Kanatli U, Yetkin H, Cila E. Footprint and radiographic analysis of the feet. Journal of Pediatric Orthopaedics. 2001; 21(2):225-8. [DOI:10.1097/01241398-200103000-00018] [PMID]
Woźniacka R, Bac A, Matusik S, Szczygieł E, Ciszek E. Body weight and the medial longitudinal foot arch: High-arched foot, a hidden problem? European Journal of Pediatrics. 2013; 172(5):683-91. [DOI:10.1007/s00431-013-1943-5] [PMID] [PMCID]
Plumarom Y, Imjaijitt W, Chaiphrom N. Comparison between Staheli index on Harris mat footprint and Talar-first metatarsal angle for the diagnosis of flatfeet. Journal of The Medical Association of Thailand. 2014; 97 (Suppl. 2):S131-5.
Shariff SM, Manaharan T, Shariff AA, Merican AF. Evaluation of foot arch in adult women: Comparison between five different footprint parameters. Sains Malaysiana. 2017; 46(10):1839-48. [DOI:10.17576/jsm-2017-4610-22]
Razeghi M, Batt ME. Foot type classification: A critical review of current methods. Gait & Posture. 2002; 15(3):282-91. [DOI:10.1016/S0966-6362(01)00151-5]
Głowacka-Mrotek I, Sowa M, Siedlecki Z, Nowikiewicz T, Hagner W, Zegarski W. Evaluation of changes to foot shape in females 5 years after mastectomy: A case-control study. Breast Cancer Research and Treatment. 2017; 163(2):287-94. [DOI:10.1007/s10549-017-4183-y] [PMID] [PMCID]
Dzięcioł Z, Kuryliszyn-Moskal A, Dzięcioł J. Application of plantography examination to the assessment of foot deformity in patients with rheumatoid arthritis. Archives of Medical Science. 2015; 11(5):1015-20. [PMID] [PMCID]
Weber-Rajek M, Lulińska-Kuklik E, Goch A. The positive role of kinesio taping in adjunctive therapy of static plano-valgus feet in children between the ages of 5 and 7. Baltic Journal of Health and Physical Activity. 2017; 9(2):89-97.
Shiang T-Y, Lee S-H, Lee S-J, Chu WC. Evaluating different footprints parameters as a predictor of arch height. IEEE Engineering in Medicine and Biology Magazine. 1998; 17(6):62-6. [DOI:10.1109/51.731323] [PMID]
Onodera AN, Sacco ICN, Morioka EH, Souza PS, de Sá MR, Amadio AC. What is the best method for child longitudinal plantar arch assessment and when does arch maturation occur? The Foot. 2008; 18(3):142-9. [DOI:10.1016/j.foot.2008.03.003] [PMID]
Pita-Fernández S, González-Martín C, Seoane-Pillado T, López-Calviño B, Pértega-Díaz S, Gil-Guillén V. Validity of footprint analysis to determine flatfoot using clinical diagnosis as the gold standard in a random sample aged 40 years and older. Journal of Epidemiology. 2015; 25(2):148-54. [DOI:10.2188/jea.JE20140082] [PMID] [PMCID]
Gonzalez-Martin C, Pita-Fernandez S, Seoane-Pillado T, Lopez-Calviño B, Pertega-Diaz S, Gil-Guillen V. Variability between Clarke’s angle and Chippaux-Smirak index for the diagnosis of flat feet. Colombia Médica. 2017; 48(1):25-31. [DOI:10.25100/cm.v48i1.1947] [PMID]
Chen KC, Yeh CJ, Kuo JF, Hsieh CL, Yang SF, Wang CH. Footprint analysis of flatfoot in preschool-aged children. European Journal of Pediatrics. 2011; 170(5):611-7. [DOI:10.1007/s00431-010-1330-4] [PMID]
Bibrowicz K, Szurmik T, Michnik R, Wodarski P, Myśliwiec A, Mitas A. Application of Zebris dynamometric platform and arch index in assessment of the longitudinal arch of the foot. Technology and Health Care. 2018; 26(S2):543-51. [DOI:10.3233/THC-182501] [PMID]
Riccio I, Gimigliano F, Gimigliano R, Porpora G, Iolascon G. Rehabilitative treatment in flexible flatfoot: A perspective cohort study. Musculoskeletal Surgery. 2009; 93(3):101. [DOI:10.1007/s12306-009-0037-z] [PMID]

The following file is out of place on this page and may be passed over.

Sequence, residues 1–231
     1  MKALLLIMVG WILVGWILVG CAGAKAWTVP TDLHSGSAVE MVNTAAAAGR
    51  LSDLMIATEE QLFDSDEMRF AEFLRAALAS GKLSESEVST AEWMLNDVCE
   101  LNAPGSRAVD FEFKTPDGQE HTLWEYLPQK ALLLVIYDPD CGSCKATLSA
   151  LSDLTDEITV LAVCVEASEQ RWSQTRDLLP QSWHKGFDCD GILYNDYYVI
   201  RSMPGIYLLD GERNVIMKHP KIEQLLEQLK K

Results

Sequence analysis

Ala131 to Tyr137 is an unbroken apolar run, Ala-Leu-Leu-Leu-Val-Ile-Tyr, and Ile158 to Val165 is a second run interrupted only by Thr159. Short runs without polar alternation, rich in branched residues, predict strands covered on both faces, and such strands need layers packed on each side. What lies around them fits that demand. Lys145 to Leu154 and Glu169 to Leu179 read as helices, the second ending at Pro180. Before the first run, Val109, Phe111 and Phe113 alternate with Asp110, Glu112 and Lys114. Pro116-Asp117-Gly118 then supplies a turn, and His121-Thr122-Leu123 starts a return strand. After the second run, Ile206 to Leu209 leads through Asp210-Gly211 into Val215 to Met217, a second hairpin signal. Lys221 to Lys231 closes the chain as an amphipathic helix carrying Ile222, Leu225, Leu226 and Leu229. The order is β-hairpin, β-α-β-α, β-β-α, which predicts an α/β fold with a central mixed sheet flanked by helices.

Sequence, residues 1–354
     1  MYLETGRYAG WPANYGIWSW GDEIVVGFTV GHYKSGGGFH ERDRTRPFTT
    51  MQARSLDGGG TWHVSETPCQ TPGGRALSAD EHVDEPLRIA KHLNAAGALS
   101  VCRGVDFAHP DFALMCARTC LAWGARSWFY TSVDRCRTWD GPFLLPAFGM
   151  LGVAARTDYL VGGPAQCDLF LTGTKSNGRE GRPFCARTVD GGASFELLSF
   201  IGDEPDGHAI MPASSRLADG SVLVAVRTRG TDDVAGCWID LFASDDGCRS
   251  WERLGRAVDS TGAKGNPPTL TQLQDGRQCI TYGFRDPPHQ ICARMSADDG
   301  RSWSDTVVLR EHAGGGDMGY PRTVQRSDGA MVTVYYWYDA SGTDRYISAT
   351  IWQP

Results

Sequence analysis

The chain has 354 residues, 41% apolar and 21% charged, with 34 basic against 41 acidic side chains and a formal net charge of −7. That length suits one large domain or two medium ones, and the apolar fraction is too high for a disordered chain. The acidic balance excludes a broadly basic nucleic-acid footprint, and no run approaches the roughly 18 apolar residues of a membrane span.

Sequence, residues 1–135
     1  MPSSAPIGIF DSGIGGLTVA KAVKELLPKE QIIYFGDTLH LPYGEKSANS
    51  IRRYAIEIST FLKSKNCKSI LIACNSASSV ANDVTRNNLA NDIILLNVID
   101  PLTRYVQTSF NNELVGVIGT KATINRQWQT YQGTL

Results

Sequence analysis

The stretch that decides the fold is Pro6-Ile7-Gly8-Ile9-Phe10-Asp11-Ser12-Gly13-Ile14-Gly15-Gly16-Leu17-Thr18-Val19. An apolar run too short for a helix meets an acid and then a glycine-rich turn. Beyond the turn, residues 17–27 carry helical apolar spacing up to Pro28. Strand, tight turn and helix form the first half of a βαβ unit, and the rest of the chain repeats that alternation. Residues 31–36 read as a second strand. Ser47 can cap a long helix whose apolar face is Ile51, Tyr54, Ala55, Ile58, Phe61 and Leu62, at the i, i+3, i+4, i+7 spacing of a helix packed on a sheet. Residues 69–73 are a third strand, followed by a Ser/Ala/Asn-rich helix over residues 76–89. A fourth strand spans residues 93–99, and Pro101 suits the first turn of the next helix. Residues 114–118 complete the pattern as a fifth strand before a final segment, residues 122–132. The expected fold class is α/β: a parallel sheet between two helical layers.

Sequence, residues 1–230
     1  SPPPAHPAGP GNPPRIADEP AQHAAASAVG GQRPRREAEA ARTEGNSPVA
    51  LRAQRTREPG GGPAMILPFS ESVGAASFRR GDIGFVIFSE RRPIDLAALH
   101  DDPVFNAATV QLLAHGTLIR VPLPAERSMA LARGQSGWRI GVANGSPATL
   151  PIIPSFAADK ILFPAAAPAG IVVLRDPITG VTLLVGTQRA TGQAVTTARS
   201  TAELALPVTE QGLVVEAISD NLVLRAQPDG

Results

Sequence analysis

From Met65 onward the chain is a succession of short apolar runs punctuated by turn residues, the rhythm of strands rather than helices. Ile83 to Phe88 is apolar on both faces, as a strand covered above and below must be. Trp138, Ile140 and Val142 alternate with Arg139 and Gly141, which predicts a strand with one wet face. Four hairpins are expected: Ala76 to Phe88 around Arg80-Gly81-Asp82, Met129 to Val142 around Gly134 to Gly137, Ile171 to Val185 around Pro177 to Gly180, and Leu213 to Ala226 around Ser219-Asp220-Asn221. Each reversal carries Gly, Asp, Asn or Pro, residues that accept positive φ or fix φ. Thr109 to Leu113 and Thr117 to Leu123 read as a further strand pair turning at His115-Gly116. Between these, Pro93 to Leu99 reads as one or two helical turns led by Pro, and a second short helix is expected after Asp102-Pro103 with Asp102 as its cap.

Chang JH, Wang SH, Kuo CL, Shen HC, Hong YW, Lin LC. Prevalence of flexible flatfoot in Taiwanese school-aged children in relation to obesity, gender, and age. European Journal of Pediatrics. 2010; 169(4):447-52. [DOI:10.1007/s00431-009-1050-9] [PMID]
Pfeiffer M, Kotz R, Ledl T, Hauser G, Sluga M. Prevalence of flat foot in preschool-aged children. Pediatrics. 2006; 118(2):634-9. [DOI:10.1542/peds.2005-2126] [PMID]
Mihai A, Pastina M. Classification of foot types, based on plantar footprint. Paper presented at 4th International Conference on Advanced Materials and Systems. Bucharest, Romania, 12 September 2012.
Maestre-Rendon J, Rivera-Roman T, Sierra-Hernandez J, Cruz-Aceves I, Contreras-Medina L, Duarte-Galvan C, et al. Low computational-cost footprint deformities diagnosis sensor through angles, dimensions analysis and image processing techniques. Sensors. 2017; 17(11):2700. [DOI:10.3390/s17112700] [PMID] [PMCID]
Soper C, Hume P, Cheung K, Benschop A. Foot morphology of junior football players: Implications for football shoe design. InA sports medicine odyssey-challenges, controversies and change. Paper presented at: Australian Conference of Science and Medicine in Sport, Perth, Australia, 7 October 2001.
Morley A. Knock-knee in children. British Medical Journal. 1957; 2(5051):976-79. [DOI:10.1136/bmj.2.5051.976] [PMID] [PMCID]
Gwani AS, Asari MA, Ismail ZM. How the three arches of the foot intercorrelate. Folia Morphologica. 2017; 76(4):682-8. [DOI:10.5603/FM.a2017.0049] [PMID]
Ashok A, Kulkarni M, Gandotra A. Quantitative morphology of Medial Longitudinal Arch among young Indian adults. Indian Journal of Clinical Anatomy and Physiology. 2017; 4(2):212-7. [DOI:10.18231/2394-2126.2017.0052]
Type of Study: Research | Subject: Special
Received: 2019/01/10 | Accepted: 2019/04/23 | Published: 2019/07/1

Add your comments about this article : Your username or Email:

Send email to the article author

Rights and permissions
Creative Commons License This work is licensed under a Creative Commons Attribution-NonCommercial 4.0 International License.

© 2023 CC BY-NC 4.0 | Physical Treatments - Specific Physical Therapy Journal

Designed & Developed by : Yektaweb